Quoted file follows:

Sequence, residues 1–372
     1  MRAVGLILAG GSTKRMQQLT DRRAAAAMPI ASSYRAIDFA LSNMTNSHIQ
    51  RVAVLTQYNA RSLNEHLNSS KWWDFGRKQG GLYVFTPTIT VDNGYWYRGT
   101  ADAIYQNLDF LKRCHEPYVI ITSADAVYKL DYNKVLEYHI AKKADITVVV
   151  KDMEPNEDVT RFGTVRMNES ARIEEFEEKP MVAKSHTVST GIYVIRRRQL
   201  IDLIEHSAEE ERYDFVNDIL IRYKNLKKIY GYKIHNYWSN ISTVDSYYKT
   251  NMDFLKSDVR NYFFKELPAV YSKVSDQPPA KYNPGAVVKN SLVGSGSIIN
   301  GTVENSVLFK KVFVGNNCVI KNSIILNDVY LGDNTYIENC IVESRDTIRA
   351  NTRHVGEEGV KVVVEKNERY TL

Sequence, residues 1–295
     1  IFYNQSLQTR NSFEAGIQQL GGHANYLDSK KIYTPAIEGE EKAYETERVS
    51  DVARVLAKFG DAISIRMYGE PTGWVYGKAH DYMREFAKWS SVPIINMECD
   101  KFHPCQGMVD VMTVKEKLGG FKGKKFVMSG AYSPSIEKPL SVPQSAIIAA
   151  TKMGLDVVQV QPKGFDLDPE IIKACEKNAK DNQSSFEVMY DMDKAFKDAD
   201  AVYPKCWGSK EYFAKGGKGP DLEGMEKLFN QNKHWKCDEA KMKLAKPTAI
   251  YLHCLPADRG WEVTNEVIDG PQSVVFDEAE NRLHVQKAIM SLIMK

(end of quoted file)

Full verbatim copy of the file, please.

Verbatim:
Sequence, residues 1–372
     1  MRAVGLILAG GSTKRMQQLT DRRAAAAMPI ASSYRAIDFA LSNMTNSHIQ
    51  RVAVLTQYNA RSLNEHLNSS KWWDFGRKQG GLYVFTPTIT VDNGYWYRGT
   101  ADAIYQNLDF LKRCHEPYVI ITSADAVYKL DYNKVLEYHI AKKADITVVV
   151  KDMEPNEDVT RFGTVRMNES ARIEEFEEKP MVAKSHTVST GIYVIRRRQL
   201  IDLIEHSAEE ERYDFVNDIL IRYKNLKKIY GYKIHNYWSN ISTVDSYYKT
   251  NMDFLKSDVR NYFFKELPAV YSKVSDQPPA KYNPGAVVKN SLVGSGSIIN
   301  GTVENSVLFK KVFVGNNCVI KNSIILNDVY LGDNTYIENC IVESRDTIRA
   351  NTRHVGEEGV KVVVEKNERY TL

Sequence, residues 1–295
     1  IFYNQSLQTR NSFEAGIQQL GGHANYLDSK KIYTPAIEGE EKAYETERVS
    51  DVARVLAKFG DAISIRMYGE PTGWVYGKAH DYMREFAKWS SVPIINMECD
   101  KFHPCQGMVD VMTVKEKLGG FKGKKFVMSG AYSPSIEKPL SVPQSAIIAA
   151  TKMGLDVVQV QPKGFDLDPE IIKACEKNAK DNQSSFEVMY DMDKAFKDAD
   201  AVYPKCWGSK EYFAKGGKGP DLEGMEKLFN QNKHWKCDEA KMKLAKPTAI
   251  YLHCLPADRG WEVTNEVIDG PQSVVFDEAE NRLHVQKAIM SLIMK